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Despite Controversy, Hagel’s Archives Sealed Shut
Only Chuck Hagel can grant access.
Despite Controversy, Hagel’s Archives Sealed Shut

Omaha, Nebraska
The largest known Chuck Hagel archive is located here, at the University of Nebraska-Omaha. But good luck accessing it: Despite intense national focus on the defense secretary nominee’s record, this reporter was shunned from taking a look inside the trove of Hagel’s videos, audio recordings, documents, pictures, and artifacts.

Hagel Chuck

James T. Shaw, director of collections and the government documents librarian here, insists Tuesday morning he is not “stonewalling” efforts to gain access to Hagel’s record. Preventing immediate access, he says, is imperative for the academic integrity of the institution. A trained archivist has not yet organized the entire record, Shaw explains.

The explanation is hardly convincing, so I ask to speak with a higher authority. Soon, Shaw’s boss, Stephen R. Shorb, joins us down in the basement level of the university’s Criss Library.

The collection was acquired by the university four years ago, in December 2008, upon Hagel’s retirement from the Senate. “The archives contain ~1700 boxes of documents, ~1000 audio and video recordings, ~1000 photographs and artifacts and hundreds of books from Sen. Hagel’s personal statement,” reads a statement I’m handed that’s attributed to Shorb, the library dean. “The archives are being organized so that they will be a resource for future researchers, and are not open to the public at this time.”

He says he hates estimating, but believes the archive will be available for access roughly two-and-a-half years from now.

I try again to make the case for access now. The confirmation of Chuck Hagel as secretary of defense is currently being considering in the U.S. Senate. Votes have been taken, and more are scheduled for next week. What’s in those boxes could tip the scale—the contents could show that he would be an excellent defense secretary. Or the opposite. It is, therefore, a matter of national importance.

Shorb more or less seems to agree, and suggests that in reality the issue is beyond his control. Granting access to the trove would violate the terms under which Hagel donated the files, he claims.

The agreement, the dean insists, signed between the university and former senator precludes anyone from looking at the archives until they are complete. But, when pressed, the dean admits he has not seen the agreement since it was signed in 2008.

I ask to see the agreement. Shorb seems to consider it. But then it occurs to him that this, too, might violate the agreement.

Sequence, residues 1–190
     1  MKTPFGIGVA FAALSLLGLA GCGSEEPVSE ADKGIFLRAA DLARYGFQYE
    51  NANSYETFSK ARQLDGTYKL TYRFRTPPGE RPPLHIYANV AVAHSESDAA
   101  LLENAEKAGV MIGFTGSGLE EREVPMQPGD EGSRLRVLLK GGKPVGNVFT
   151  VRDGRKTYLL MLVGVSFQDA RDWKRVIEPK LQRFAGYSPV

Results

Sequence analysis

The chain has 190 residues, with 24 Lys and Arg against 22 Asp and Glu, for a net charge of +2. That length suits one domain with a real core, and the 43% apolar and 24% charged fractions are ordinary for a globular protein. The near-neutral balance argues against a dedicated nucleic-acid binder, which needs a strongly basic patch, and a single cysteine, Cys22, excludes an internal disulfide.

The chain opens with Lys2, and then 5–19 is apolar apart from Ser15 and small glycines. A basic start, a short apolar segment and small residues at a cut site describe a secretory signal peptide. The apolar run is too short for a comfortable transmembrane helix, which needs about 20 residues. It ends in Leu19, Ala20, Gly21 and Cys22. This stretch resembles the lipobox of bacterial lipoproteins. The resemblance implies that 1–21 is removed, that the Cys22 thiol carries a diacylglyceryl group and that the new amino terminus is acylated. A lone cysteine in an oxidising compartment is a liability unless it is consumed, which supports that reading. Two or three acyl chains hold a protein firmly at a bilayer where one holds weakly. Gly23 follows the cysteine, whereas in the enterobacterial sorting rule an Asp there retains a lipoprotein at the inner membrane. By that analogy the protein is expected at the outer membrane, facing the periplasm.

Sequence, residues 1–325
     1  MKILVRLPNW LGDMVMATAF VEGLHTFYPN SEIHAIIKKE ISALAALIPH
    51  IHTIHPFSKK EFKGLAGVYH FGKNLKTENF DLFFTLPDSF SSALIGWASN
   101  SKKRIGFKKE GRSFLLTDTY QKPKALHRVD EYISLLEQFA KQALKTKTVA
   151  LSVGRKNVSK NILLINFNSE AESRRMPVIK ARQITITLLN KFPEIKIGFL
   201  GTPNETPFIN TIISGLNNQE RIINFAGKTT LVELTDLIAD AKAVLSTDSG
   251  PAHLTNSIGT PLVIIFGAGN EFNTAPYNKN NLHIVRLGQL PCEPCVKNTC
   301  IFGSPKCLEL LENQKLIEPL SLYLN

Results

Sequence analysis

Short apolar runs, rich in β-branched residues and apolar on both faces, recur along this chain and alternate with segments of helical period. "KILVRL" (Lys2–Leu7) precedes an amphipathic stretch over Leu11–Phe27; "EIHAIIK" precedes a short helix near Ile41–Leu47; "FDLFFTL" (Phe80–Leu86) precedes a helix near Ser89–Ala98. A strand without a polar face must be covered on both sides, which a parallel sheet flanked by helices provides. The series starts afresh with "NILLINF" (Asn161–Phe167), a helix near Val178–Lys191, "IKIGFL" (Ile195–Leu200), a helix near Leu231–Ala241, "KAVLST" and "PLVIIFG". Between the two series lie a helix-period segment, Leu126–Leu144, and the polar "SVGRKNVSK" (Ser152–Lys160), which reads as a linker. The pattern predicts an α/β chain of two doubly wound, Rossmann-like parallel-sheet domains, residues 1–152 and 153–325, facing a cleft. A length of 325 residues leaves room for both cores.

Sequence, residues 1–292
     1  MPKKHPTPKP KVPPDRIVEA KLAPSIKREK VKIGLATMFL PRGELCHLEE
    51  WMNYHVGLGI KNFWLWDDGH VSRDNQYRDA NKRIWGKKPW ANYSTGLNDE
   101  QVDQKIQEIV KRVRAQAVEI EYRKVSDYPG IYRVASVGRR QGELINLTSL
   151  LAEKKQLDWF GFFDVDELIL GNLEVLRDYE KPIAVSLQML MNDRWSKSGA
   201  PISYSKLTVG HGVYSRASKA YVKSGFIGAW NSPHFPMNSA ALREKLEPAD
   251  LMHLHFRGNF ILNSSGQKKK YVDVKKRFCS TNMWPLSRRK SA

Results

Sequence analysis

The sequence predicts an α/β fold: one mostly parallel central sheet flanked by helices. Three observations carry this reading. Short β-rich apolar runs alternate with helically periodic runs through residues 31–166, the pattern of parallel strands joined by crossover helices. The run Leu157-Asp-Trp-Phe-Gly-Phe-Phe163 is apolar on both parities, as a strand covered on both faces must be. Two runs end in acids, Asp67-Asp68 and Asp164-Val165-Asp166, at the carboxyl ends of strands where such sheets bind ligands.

Regardless, he agrees to look back at the agreement, and I leave to track down the highest university administrator I can find. B.J. Reed, the senior vice chancellor of academic and student affairs, is friendly, like the other Nebraskans. He’s also completely unhelpful.

Reed defers to Shorb’s judgment, but with one notable concession: He agrees I should be able to see the document the university signed with Hagel when accepting the archive.

I return to the library to look for Shorb. I’m anxious to see this supposed agreement.

But he’s not in his office, and his secretary doesn’t seem keen on having me wait on the couch across from her desk. She insists I go to the café on the far side of the library.

Half an hour goes by. I’m waiting for Shorb’s assistant to call, when she walks right in the café with … the director of marketing for the university, Erin Fogarty Owen, a former Democratic spokesman. Owen’s flanked by Charley Reed, who’s the vice chancellor’s son and some sort of media affairs specialist. He will be, someone at the university decided, my minder for the next hour or so.

But when my minder leaves, and I still haven’t been notified whether the dean has returned, I worry that something’s up. I walk back to the dean’s office—still with hopes that I’ll be able to see whether the agreement requires Hagel’s permission to see the archive.

I’ve been played a fool: The dean has left for the day.

“I work for the people of Nebraska, not you,” Shorb says when I get him on his cell phone. Maybe he’ll help, but it isn’t likely. “It’s not my top priority,” he says.

Next week, the Senate is expected once again to vote on the nomination of Chuck Hagel to be the next secretary of defense. The last time the Senate voted, Hagel’s nomination failed to move forward because enough senators wanted more time and information before deciding on the controversial nominee.

This time, the one person who’s preventing more information from coming out is Chuck Hagel. He’s the one—the only one, I’m told—who can call the bureaucrats at the University of Nebraska-Omaha and permit access to his archives.

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